There are things and ingredients that seem so nice and cute that you would really want to be inspired and enhance them properly.
Of course, when you want to have an idea you can watch out of your real or mental window and go on for months just blabbering inside.
This was the case for me with parsley-decorated lasagne, a concept I had seen flipping through some Martha Stewart's book: just before the final roll out of your pasta, when folding for the last time, add some leaves of parsley and those teeny tiny leaves of basil as a middle layer and you will find yourself with some of cutest vintage looking sheets of pasta.
In this case pasta was made with plain (AP) wheat flour, as rustic texture is not needed.
You will have to work with small pieces and roll them in different directions if you'd like the leaves to hold the right proportions.
Thing is, usually lasagne come with heavy and colorful dressing and sauces that hide all the magic, and I never made it other than for my personal pleasure.
But then, another ingredient comes over, another one of those you're not too sure about.
White asparagus are all the rage in North Eastern Italy during the month of May. Very subtle in flavour, people seem to be able to say if a particular kind is from a specific town or from a village 2 miles away. I didn't want to blog about the usual pairing with eggs or with salt and vinegar, and that's when the two odds paired in my mind.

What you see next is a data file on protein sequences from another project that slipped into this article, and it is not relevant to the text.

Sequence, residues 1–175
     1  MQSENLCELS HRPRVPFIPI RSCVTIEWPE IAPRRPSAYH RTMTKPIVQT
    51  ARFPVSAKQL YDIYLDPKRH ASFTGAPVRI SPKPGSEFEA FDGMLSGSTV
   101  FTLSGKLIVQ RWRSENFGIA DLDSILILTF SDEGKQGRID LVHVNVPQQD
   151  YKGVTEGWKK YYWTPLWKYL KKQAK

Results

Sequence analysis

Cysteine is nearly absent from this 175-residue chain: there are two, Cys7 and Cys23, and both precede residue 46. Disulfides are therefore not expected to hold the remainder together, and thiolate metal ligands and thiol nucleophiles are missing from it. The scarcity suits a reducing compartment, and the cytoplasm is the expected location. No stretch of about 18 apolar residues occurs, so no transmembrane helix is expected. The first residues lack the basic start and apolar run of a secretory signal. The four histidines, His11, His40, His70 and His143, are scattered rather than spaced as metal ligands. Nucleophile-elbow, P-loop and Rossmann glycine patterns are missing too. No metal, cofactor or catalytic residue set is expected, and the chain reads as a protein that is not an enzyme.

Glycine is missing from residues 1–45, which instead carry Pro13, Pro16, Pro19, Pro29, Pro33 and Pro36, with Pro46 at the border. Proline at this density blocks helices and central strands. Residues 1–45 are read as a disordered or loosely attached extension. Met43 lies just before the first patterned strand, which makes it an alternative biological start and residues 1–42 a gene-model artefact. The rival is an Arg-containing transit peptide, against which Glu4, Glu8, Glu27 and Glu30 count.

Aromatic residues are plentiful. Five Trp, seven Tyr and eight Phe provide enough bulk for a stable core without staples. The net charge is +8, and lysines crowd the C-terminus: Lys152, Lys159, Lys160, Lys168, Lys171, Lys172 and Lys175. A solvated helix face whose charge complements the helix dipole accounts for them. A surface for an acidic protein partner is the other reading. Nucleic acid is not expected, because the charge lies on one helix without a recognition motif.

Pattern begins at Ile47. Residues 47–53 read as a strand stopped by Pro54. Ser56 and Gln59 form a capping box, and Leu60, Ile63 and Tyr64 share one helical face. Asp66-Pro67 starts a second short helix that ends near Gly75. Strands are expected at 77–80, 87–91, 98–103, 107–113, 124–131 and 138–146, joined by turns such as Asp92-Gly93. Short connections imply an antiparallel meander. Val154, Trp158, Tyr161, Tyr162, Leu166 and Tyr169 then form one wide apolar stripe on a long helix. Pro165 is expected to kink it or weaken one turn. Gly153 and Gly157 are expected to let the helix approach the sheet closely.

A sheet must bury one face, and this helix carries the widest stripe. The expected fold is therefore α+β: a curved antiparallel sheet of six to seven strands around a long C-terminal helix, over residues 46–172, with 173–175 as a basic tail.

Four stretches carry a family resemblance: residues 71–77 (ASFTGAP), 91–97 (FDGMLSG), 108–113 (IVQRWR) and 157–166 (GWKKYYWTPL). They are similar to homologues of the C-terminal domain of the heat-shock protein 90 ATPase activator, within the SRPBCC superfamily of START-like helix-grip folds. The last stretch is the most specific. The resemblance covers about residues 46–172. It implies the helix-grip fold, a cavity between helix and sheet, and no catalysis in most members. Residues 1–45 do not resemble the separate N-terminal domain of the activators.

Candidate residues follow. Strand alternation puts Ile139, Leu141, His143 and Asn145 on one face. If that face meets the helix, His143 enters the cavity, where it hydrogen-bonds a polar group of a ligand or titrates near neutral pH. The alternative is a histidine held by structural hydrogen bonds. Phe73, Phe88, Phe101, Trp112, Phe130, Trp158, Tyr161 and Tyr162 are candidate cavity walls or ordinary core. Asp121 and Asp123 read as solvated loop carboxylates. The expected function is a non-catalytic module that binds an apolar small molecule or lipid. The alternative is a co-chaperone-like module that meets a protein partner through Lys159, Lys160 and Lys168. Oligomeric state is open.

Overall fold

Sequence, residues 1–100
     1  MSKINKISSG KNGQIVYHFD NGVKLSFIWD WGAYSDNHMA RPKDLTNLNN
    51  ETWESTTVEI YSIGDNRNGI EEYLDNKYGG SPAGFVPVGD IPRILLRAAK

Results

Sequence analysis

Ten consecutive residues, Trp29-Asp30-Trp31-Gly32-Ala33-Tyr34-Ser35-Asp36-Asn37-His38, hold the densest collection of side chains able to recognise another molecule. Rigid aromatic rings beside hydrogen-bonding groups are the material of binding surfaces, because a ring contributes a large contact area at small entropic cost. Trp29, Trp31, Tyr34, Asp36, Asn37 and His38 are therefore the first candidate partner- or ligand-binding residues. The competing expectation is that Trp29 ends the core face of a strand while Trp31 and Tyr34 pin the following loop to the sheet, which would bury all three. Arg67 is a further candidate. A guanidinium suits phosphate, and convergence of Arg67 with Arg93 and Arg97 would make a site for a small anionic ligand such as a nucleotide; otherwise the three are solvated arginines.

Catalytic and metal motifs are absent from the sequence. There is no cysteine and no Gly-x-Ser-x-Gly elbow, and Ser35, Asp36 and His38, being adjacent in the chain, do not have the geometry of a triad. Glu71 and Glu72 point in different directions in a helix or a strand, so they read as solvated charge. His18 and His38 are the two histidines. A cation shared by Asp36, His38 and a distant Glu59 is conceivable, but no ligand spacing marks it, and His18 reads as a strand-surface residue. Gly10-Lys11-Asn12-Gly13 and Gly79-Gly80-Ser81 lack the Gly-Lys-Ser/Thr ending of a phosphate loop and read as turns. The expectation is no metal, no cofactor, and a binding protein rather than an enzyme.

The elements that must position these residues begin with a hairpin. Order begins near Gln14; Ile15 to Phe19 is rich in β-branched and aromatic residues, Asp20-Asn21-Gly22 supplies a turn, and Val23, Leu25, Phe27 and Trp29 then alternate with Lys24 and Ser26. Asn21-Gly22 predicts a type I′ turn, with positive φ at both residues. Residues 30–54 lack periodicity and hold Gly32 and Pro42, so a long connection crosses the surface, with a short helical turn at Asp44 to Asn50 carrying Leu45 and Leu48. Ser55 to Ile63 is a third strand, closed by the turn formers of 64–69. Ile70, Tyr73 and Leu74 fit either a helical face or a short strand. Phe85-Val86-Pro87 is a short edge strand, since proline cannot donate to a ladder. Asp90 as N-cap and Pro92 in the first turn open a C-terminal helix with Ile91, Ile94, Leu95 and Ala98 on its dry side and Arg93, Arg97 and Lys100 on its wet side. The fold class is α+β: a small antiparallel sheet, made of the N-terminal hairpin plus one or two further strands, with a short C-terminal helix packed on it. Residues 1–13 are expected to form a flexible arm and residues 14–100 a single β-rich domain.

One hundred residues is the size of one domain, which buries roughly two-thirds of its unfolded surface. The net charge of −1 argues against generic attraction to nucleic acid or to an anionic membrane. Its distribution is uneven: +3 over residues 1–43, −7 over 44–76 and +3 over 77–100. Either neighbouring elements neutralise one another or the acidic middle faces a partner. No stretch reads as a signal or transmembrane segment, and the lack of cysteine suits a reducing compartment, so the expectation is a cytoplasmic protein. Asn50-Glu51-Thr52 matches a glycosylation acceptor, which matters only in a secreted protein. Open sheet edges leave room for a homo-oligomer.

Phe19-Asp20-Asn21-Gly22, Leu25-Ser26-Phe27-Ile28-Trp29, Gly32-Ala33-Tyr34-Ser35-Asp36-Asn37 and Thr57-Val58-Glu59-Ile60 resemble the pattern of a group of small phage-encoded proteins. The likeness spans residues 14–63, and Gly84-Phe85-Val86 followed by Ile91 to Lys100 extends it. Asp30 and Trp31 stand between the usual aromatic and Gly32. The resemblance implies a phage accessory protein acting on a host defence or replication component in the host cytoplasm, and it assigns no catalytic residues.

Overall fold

The pale and delicate shades of asparagus would complement and go well together the fairy design of herbed lasagne.
To give flavour without disturbing the palette, pesto was the answer.
Cut the lasagne in squares, boil them individually for about 90 seconds and steam the cleaned asparagus (or place them in a microwave-proof dish with half an inch of water and nuke them for 5 minutes).
Lay one square on the plate, place an asparagus layer and brush with some pesto, previously diluted with one or two tablespoons of the hot and starchy water where you boiled the pasta.